In "Reclaiming the Game," William Bowen and Sarah Levin disentangle the admissions and academic experiences of recruited athletes, walk-on athletes, and other students. In a field overwhelmed by reliance on anecdotes, the factual findings are striking--and sobering. Anyone seriously concerned about higher education will find it hard to wish away the evidence that athletic recruitment is problematic even at those schools that do not offer athletic scholarships.
Thanks to an expansion of the College and Beyond database that resulted in the highly influential studies "The Shape of the River" and "The Game of Life," the authors are able to analyze in great detail the backgrounds, academic qualifications, and college outcomes of athletes and their classmates at thirty-three academically selective colleges and universities that do not offer athletic scholarships. They show that recruited athletes at these schools are as much as four times more likely to gain admission than are other applicants with similar academic credentials. The data also demonstrate that the typical recruit is substantially more likely to end up in the bottom third of the college class than is either the typical walk-on or the student who does not play college sports. Even more troubling is the dramatic evidence that recruited athletes "underperform: " they do even less well academically than predicted by their test scores and high school grades.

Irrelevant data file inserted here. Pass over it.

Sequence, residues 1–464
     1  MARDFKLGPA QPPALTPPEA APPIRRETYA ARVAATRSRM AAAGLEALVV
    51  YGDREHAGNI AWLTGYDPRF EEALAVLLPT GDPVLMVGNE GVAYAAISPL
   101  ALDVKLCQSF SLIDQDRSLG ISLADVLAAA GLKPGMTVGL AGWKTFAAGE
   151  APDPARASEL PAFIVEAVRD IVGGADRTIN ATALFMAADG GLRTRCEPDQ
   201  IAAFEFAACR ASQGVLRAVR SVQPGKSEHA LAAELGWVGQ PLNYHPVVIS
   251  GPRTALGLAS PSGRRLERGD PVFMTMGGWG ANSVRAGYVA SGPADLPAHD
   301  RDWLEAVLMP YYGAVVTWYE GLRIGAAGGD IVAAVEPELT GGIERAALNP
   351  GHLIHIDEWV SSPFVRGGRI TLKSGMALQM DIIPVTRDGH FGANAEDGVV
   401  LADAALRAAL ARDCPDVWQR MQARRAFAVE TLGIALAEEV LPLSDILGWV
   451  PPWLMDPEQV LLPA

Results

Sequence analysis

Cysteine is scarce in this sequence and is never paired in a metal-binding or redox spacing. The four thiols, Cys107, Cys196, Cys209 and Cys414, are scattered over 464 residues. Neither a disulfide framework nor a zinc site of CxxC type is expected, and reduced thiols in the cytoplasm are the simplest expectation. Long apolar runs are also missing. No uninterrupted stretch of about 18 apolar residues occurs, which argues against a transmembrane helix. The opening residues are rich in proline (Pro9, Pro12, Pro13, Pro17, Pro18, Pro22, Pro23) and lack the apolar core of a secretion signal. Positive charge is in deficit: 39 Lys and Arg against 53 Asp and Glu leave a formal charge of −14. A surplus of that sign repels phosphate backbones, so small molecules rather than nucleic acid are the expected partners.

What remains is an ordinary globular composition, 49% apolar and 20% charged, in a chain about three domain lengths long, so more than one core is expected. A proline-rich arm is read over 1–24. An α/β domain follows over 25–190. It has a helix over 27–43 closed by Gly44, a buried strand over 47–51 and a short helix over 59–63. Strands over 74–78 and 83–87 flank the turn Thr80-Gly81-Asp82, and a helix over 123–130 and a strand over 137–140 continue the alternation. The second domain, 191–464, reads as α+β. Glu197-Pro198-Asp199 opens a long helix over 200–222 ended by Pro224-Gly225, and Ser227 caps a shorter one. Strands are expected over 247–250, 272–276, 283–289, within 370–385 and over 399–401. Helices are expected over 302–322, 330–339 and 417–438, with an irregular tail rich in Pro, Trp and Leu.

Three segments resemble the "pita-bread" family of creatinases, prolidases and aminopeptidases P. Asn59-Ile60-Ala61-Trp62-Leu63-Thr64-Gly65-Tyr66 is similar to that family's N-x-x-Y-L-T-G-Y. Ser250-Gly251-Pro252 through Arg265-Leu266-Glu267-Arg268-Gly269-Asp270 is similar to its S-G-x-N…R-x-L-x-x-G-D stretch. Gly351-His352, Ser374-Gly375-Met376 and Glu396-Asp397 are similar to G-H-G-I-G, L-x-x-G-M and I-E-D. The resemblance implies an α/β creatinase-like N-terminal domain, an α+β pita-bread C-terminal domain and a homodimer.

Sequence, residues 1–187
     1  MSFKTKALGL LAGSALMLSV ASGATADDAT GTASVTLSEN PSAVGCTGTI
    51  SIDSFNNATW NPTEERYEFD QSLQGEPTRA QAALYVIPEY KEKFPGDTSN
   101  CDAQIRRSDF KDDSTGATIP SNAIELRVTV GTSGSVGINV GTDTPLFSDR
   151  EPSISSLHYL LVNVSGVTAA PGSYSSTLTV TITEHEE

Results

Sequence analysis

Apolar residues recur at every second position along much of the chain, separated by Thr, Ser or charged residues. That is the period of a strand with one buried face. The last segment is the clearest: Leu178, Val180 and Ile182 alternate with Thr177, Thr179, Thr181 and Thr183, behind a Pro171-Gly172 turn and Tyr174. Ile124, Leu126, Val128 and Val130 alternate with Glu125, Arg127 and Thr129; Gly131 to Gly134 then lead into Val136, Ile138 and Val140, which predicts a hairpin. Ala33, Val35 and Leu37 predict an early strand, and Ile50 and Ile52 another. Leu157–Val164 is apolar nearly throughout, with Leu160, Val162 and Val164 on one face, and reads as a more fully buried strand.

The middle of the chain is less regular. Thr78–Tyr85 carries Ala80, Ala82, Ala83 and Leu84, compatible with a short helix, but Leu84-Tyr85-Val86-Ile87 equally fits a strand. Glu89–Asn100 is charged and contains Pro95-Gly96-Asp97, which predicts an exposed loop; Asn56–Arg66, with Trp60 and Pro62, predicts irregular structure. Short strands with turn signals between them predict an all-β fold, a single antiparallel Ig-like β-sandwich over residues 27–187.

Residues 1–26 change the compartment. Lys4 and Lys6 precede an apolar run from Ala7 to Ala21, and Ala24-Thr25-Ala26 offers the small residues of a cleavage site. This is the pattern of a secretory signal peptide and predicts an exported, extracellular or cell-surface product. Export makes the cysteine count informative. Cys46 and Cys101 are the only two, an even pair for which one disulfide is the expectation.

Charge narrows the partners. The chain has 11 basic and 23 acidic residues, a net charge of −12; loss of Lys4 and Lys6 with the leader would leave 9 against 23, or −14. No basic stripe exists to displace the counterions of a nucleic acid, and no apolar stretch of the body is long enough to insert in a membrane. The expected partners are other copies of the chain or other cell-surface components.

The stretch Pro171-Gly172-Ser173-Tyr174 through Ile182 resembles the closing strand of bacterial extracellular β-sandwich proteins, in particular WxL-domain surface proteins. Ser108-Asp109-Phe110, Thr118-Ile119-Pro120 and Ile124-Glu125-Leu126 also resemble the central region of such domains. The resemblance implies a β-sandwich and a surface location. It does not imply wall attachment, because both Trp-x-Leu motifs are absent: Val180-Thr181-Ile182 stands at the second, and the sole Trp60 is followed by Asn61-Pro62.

Over the last four decades, the athletic-academic divide on elite campuses has widened substantially. This book examines the forces that have been driving this process and presents concrete proposals for reform. At its core, "Reclaiming the Game" is an argument for re-establishing athletics as a means of fulfilling--instead of undermining--the educational missions of our colleges and universities.